Full strength Windies in Hyderabad the team to judge

Thu, Oct 11, '18

by KRISSANIA YOUNG

Windies v India

A daunting task lies ahead of the Windies, in their quest to rectify their disappointing first Test outing against hosts India, when the second Test bowls off at the Rajiv Gandhi International Stadium on Thursday October 11, at 11:00 p.m., ECT. This, a ground that has previously hosted four Test matches, in which India failed to claim a mere three of a possible eighty wickets, with three matches producing results, all in favour of the home side, two of which were by an innings victory margin. Windies enters the match with their backs against the wall, after failing to bat a combined one-hundred overs during the first Test and also failing to reach the two-hundred mark in either of their turn at the crease, sparking many harsh words in their direction form sections of the cricketing world.

Windies captain, Jason Holder, has however come out swinging in favour of his charges ahead of the second Test, calling for patience and sending a reminder of his team’s recent run of form in this format of the game (WDLWWL). After Holder’s press address, one would be inclined to agree with the Windies skipper (even if only partially), calling to mind the impressive summer the Caribbean team had against both Sri Lanka and Bangladesh, teams who were ranked ahead of them in the ICC Test Rankings. To give some perspective to the loss, the Caribbean men entered the first Test behind the eight ball, before a ball was even bowled, lining up without forty-four of the ninety-six (of a possible one-hundred) wickets which were claimed this summer, with the loss of senior man Kemar Roach and captain, Jason Holder.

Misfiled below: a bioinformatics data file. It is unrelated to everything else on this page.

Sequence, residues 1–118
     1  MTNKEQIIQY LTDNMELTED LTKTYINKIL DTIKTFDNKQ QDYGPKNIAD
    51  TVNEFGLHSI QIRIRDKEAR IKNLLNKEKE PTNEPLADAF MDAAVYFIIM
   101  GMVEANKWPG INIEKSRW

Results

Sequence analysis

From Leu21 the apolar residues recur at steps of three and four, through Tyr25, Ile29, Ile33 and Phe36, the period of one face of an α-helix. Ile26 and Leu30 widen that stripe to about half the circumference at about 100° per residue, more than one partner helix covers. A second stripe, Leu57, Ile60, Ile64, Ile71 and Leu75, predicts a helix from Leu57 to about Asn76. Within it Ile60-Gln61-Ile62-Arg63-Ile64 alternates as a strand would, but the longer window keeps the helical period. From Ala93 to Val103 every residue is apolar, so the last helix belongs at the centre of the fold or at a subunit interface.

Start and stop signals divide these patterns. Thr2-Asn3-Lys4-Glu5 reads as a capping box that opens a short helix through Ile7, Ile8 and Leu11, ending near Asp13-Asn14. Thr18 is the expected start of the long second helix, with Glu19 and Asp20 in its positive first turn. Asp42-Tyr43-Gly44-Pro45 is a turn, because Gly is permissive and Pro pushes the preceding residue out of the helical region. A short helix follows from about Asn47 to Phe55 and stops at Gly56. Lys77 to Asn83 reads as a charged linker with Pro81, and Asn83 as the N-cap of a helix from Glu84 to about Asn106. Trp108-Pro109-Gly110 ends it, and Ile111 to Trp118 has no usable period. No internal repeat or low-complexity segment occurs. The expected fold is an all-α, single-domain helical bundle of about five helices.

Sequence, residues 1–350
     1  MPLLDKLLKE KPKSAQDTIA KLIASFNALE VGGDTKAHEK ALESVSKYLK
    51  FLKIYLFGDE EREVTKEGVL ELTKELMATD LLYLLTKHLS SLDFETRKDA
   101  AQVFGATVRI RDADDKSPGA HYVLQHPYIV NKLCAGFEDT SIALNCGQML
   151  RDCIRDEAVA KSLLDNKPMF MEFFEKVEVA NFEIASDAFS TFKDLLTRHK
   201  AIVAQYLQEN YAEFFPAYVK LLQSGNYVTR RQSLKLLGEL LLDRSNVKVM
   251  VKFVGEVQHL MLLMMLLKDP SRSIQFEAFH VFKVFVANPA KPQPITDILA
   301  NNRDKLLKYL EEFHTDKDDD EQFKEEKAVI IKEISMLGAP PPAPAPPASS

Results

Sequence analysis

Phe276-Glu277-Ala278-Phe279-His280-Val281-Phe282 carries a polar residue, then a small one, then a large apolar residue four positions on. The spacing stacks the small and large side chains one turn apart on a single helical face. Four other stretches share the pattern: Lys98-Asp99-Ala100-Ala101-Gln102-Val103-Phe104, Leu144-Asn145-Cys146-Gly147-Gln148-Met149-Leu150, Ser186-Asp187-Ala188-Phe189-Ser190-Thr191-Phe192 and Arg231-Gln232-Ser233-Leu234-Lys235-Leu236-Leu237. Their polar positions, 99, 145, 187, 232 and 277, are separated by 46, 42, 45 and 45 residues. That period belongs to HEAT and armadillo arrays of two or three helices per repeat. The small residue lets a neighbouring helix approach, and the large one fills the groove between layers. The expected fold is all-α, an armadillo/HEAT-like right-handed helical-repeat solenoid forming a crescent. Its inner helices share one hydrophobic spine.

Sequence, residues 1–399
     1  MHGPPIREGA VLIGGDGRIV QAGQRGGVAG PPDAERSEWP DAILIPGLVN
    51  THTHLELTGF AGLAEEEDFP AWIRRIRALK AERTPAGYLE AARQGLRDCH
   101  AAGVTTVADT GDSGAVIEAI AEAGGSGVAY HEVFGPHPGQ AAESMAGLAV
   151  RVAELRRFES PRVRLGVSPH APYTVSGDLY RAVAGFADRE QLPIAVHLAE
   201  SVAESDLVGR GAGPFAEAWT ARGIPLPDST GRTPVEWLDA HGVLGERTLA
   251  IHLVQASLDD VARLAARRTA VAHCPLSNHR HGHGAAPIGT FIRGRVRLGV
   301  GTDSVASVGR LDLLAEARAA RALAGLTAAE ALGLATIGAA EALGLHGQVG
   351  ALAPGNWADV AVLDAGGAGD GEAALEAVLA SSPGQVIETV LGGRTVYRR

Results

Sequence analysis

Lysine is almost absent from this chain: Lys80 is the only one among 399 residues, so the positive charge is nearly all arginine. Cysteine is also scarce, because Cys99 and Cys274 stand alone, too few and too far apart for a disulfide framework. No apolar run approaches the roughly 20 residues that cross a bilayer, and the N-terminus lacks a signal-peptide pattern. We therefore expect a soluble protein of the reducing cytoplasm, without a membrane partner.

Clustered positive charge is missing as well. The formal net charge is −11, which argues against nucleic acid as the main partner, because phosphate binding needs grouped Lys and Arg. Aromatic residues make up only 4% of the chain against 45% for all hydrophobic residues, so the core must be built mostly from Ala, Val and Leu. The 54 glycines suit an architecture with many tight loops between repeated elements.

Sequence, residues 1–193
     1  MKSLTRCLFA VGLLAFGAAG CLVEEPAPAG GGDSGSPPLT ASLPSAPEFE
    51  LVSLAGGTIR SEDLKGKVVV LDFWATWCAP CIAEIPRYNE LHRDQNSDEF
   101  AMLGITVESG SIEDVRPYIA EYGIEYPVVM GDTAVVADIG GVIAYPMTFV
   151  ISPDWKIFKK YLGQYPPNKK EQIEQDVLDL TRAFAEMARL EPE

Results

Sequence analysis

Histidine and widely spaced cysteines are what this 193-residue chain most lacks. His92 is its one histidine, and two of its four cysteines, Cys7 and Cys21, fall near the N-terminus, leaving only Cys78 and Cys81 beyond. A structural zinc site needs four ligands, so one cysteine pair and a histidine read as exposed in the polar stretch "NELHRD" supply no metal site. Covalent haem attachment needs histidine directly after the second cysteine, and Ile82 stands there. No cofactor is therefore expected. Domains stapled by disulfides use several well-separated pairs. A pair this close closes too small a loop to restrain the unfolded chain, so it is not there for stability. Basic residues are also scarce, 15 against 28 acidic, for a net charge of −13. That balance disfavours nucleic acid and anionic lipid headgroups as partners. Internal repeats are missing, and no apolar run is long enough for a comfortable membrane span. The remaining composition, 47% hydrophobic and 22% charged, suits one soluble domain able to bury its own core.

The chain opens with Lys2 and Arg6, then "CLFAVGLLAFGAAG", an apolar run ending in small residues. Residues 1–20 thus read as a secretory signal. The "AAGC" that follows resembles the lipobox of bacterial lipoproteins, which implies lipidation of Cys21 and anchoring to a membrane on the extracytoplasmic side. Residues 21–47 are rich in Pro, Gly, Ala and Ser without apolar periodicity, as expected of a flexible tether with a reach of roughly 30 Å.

Does this, however, excuse the batting display of the team? There is a fine line between attacking and being reckless. It was during the second innings that Windies crossed this line when, even after wickets were tumbling, there seemed to be no attempt to adjust the plan to attack, no plan ‘B’. What was so disappointing about this display, is that the visitors thrust aside all the things they did well this summer: consolidating, forming partnerships and aiming for the 90-over mark. On the contrary, Windies batsmen failed to find the necessary balance between defence and attack, along with striker rotation, to cause the Indians any problems. With the team facing that intimidating first innings total of 649, however, one of the fundamental principles of the game occurred: runs on the board equalled to pressure.

Windies missed the plot in playing the extra batsman, as opposed to the left-arm orthodox spinner, Jomel Warrican; removing the balance a fifth bowler brought to the team. The moment the decision was made to play four bowlers, was the moment Devendra Bishoo was damned to bowl over a half-century of overs. This work load removed any sting the Guyanese would have had, had he been kept fresh. There is however, hope that Windies will return with a fighting performance, starting later this evening. After all, they have done it before against England in Headingley (2017) and Pakistan in Sharjah (2016). All things being equal, hopefully, along with the return of Holder and Roach, we can then judge a full-strength Windies team, a team with their skipper, as, despite your thoughts on Jason Holder, he is the undoubtedly the leader of this unit.

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